The resources of water are highly irregularly distributed in both space and time. The Amazon carries 20 percent of global average runoff, while the Sahel region receives less than 1 percent. Thirty percent of the total runoff of Africa flows in a single river basin. Many regions receive their precipitation during a brief, intense rainy season. This large variability is responsible for many of the problems facing water management. Although the driving forces of the distribution of water are natural, mankind has intervened heavily in the flow of water. Man has built dams, reservoirs, canals, irrigation systems, dikes and sluices, all to ensure a proper operation of the natural system for human purposes. Nevertheless, modern water management has to deal with increasing stresses. Climate change has the potential to alter these stresses.
As the Himalayan glaciers melt due to climate change, China is one of the countries most vulnerable to the drying up of its water supply.
Without access to clean and adequate supplies of fresh water, communities will be unable to improve agriculture-based livelihoods or improve health conditions.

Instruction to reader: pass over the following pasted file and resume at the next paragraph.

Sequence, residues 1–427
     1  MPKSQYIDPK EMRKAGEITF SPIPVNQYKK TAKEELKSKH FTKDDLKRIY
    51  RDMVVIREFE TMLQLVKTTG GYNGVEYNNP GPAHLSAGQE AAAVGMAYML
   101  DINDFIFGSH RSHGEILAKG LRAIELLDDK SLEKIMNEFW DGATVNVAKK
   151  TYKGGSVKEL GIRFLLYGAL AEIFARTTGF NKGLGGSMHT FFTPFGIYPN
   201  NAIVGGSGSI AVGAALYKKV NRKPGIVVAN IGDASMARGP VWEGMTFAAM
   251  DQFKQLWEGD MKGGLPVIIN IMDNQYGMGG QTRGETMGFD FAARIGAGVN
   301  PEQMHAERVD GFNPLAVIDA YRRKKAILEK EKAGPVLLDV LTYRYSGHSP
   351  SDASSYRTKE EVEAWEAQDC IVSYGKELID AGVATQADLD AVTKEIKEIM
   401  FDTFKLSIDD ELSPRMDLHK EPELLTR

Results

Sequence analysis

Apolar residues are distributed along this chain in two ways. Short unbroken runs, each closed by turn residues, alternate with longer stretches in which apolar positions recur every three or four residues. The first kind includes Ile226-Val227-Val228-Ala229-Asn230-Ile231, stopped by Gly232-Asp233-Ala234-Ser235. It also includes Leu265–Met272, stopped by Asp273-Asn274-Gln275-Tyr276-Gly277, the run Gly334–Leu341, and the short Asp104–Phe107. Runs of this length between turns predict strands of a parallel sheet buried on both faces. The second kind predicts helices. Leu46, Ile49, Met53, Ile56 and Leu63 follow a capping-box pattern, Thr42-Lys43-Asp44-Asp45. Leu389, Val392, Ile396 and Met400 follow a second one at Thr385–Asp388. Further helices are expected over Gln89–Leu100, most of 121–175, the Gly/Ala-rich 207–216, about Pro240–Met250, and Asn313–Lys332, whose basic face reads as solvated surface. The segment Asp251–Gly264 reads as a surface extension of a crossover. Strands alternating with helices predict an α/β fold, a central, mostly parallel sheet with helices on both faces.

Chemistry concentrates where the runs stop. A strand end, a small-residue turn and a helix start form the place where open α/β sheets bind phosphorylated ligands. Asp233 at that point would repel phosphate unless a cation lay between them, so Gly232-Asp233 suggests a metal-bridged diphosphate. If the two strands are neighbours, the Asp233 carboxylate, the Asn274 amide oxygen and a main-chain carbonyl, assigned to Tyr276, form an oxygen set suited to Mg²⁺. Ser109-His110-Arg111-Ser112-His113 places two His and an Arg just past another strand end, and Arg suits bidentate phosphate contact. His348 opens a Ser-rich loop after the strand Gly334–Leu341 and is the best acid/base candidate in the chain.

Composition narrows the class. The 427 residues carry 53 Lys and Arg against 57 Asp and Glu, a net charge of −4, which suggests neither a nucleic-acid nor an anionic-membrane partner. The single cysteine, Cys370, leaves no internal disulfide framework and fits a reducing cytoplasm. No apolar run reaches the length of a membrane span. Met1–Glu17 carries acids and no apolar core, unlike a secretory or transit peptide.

Yet increasing demands by industrial and urban users and increasing levels of pollution are creating serious shortages of clean and adequate water supplies for countries around the world.
With respect to water management related to agricultural production there are, broadly speaking, three agro-climatologic zones: the temperate humid zone; the arid and semi-arid zone; and, the humid tropical zone. In principle, types of cultivation practices may be distinguished as:
1. Rainfed cultivation, without or with a drainage system, and
2. irrigated cultivation, without or with a drainage system.
Dependent on the local conditions, different types of water management with different levels of service will be appropriate. In drought prone regions agriculture is normally impossible without an irrigation system. Drainage systems may be applied for salinity control and the prevention of waterlogging.
The sector vision of Water for Food and Rural Development indicates a required duplication in food production over the forthcoming 25 years and gives general recommendations how this increase can be achieved. The major part of the increase in production would have to come from already cultivated land, among others, by water saving, improved irrigation and drainage, and increase in storages.
Especially in the developing countries, huge efforts are required to feed the growing population, to improve the standard of living in the rural area, and to develop and manage land and water in a sustainable way.
Rapid population growth, poverty and changes in lifestyle contribute to growing scarcity and threats of water and environmental degradation. In areas where overall availability is small and where additional withdrawals are difficult and expensive, scrunity of water use and sectoral allocation assume prime significance.